Definitely a senior moment

I’m puttering about in the lab, waiting for students to show up, and was mainly just cleaning a lot of glassware. Then I had to make up some solutions and culture more flies, and then as reflex dictates, I had to label everything.

This is a rule. Every time you make a bottle of something, you slap a label on it that says what’s inside and the date you made it. If I didn’t, I’d probably have a seizure trying to get to the container, even if gorillas charged in and snatched me away. It really is that important.

So tape goes on, sharpie comes out, I start writing. “16 March…”, and then, brain freeze. I forgot the decade. “81”, my fingers itched to write. I was in grad school. This is when I got into this habit. It must be…

No, that’s ridiculous. It’s not the 20th century anymore, that’s over. “01”? Maybe?

20 fucking 21? NO WAY! That’s the distant future, I’m a young man working in the lab. After a brief discombobulation, though, I realized it really was 2021, a date that belongs in a science fiction novel, and most of my life had just flown by. It’s going to take a while to get used to this.

So that must be what senility is like, just a whole series of shocks over the most mundane moments. Maybe my brain is going.

Nah, not really. I got very little sleep last night, work has been piling up again, I’m dog tired and stuck doing the most mindless routine tedium. I’ll mention this incident next time I see a doctor for a checkup (that should happen next month, once I’m fully vaccinated), but I think what I really need to do is catch up on my sleep and put a lot of work behind me. A nap and a vacation, that’s what I need.


  1. says

    Proper labeling is the hallmark of good lab-keeping. I once called out a senior pharmaceutical researcher at a meeting for only labeling the lid. Awkward…

  2. springa73 says

    I occasionally have the same problem – when I’m in a hurry I almost write a date that is years or occasionally decades behind the actual one, like my brain can’t really believe how much time has passed.

  3. JoeBuddha says

    I hear ya. Spent a minute or so staring at the card reader in the self checkout trying to figure out where the card goes.

  4. Nerd of Redhead, Dances OM Trolls says

    Fatigue and lack of sleep can definitely do a number on your ability to recall simple information. I recall once trying to put gas in the car during my primary caregiver years, and couldn’t remember my zip code to verify the card. Don’t recall how I solved that issue. Looking back, I could have simply looked at my drivers license address. Since then, I have pulled out my cell phone to verify the time and date on occasion after my retirement. The days do tend to run together.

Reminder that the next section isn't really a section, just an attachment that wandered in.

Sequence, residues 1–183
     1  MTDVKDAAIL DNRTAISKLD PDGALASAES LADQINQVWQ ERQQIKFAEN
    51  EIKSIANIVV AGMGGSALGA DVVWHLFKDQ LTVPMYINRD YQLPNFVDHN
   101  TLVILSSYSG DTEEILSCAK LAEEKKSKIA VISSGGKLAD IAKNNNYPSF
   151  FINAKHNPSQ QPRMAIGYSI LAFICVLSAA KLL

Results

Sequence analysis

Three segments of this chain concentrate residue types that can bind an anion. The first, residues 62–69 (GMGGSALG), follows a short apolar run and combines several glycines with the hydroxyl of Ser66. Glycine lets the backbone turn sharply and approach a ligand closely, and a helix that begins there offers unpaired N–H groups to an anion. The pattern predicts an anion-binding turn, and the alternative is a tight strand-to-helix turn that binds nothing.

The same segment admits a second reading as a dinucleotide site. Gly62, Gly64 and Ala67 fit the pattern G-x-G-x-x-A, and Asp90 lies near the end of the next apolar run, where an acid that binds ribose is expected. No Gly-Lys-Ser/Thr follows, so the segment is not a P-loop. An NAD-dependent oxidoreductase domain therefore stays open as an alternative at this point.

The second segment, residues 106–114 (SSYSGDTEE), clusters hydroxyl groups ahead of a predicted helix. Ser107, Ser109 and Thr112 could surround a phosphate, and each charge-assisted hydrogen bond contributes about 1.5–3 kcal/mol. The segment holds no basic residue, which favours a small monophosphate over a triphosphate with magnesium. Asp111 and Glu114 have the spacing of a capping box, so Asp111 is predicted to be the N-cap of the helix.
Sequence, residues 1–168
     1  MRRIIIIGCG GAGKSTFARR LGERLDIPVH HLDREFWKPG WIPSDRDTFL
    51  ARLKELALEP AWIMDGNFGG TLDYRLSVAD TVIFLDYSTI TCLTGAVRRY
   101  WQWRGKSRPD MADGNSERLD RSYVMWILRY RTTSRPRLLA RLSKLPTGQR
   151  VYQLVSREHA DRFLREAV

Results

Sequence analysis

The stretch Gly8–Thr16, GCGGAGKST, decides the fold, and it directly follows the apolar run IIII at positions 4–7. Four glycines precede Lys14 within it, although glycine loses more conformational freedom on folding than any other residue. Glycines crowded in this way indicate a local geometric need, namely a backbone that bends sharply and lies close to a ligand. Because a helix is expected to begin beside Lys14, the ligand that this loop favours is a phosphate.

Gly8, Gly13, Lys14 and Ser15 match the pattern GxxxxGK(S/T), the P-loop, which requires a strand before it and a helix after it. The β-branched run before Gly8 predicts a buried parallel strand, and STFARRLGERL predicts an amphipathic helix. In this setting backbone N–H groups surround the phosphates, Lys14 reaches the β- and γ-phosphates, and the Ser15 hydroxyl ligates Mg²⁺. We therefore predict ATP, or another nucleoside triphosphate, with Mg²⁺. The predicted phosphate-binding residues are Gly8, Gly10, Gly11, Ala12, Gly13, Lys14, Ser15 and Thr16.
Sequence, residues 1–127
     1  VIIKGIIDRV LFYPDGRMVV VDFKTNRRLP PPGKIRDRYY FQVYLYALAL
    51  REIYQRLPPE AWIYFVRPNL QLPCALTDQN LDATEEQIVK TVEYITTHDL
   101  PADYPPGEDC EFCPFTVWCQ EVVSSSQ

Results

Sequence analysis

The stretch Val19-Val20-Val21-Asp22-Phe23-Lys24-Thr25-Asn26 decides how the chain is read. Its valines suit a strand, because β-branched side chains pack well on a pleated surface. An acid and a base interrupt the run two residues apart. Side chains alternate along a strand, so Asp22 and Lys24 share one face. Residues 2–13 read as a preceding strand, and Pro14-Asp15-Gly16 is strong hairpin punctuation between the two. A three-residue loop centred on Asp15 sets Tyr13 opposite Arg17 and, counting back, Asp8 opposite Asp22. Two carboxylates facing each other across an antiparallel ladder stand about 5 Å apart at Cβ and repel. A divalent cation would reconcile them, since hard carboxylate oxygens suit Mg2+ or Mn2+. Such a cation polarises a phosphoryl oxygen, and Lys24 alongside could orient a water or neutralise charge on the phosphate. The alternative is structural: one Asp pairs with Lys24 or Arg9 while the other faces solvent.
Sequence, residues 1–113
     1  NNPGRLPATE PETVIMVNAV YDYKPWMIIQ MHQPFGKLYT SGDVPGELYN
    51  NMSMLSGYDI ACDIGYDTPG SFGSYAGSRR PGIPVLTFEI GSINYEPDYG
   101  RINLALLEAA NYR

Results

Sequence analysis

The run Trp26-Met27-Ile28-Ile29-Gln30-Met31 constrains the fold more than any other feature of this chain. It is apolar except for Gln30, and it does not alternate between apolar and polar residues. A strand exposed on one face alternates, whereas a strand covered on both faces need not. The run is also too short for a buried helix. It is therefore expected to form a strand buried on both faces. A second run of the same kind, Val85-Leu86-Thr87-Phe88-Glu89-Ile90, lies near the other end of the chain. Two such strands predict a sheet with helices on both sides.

5. nomdeplume says

    I recently had a similar experience – turned out I was having a stroke (which was dealt with promptly in hospital with no lasting effects). Don’t put it down to a “senior’s moment” PZ, not being able to write the year is outside the range of being forgetful. Do see your doctor.

  6. Jazzlet says

    Lack of sleep will definitely have that effect on your memory, and far worse*, so I hope you manage to get at least couple of decent nights sleep.

    I become a raging beast with a hair-trigger temper over the slightest deviation from How Things Must Be Done if I don’t get enough sleep for more than a week, partly because lack of sleep gives me migraines, but also because that’s what I’m like if I don’t control myself.

  7. Alt-X says

    Haha this happened to me the other day, I wrote 2001. My brain is like, no, that’s not right. I’m thinking, well it can’t 2021 that’s ridiculous… Oh wait!

    And we’re already on our way to April! It’s going to be 2030 before we know it. :(

  8. kudayta says

    I hate to be that guy, but #7 is right. I mean, the worst that’ll happen is that the doctor will laugh at you. Might as well go get checked out.

  9. says

    Yes, I’ll see a doctor eventually. I’ll also see a dentist eventually. I’ll also get a haircut someday. Everything is just piling up, thanks to COVID-19.

  10. unclefrogy says

    I have a slightly different problem with when (dates) I hardly ever think about dates and just barely think about days of the week. I have been working for myself for way too long i guess though dates were never followed very closly,. I can remember what OK but the when is always indistinct,
    I can’t remember when because I do not pay very much attention when then or now.
    So how will i know if I’m loosing it?
    uncle frogy

  11. JoeBuddha says

    @unclefrogy I have NEVER understood dates. The Tick said, “You have a close relationship with reality. I have to call it, ‘Mr. Reality'”. I’m the same way about dates.

  12. stroppy says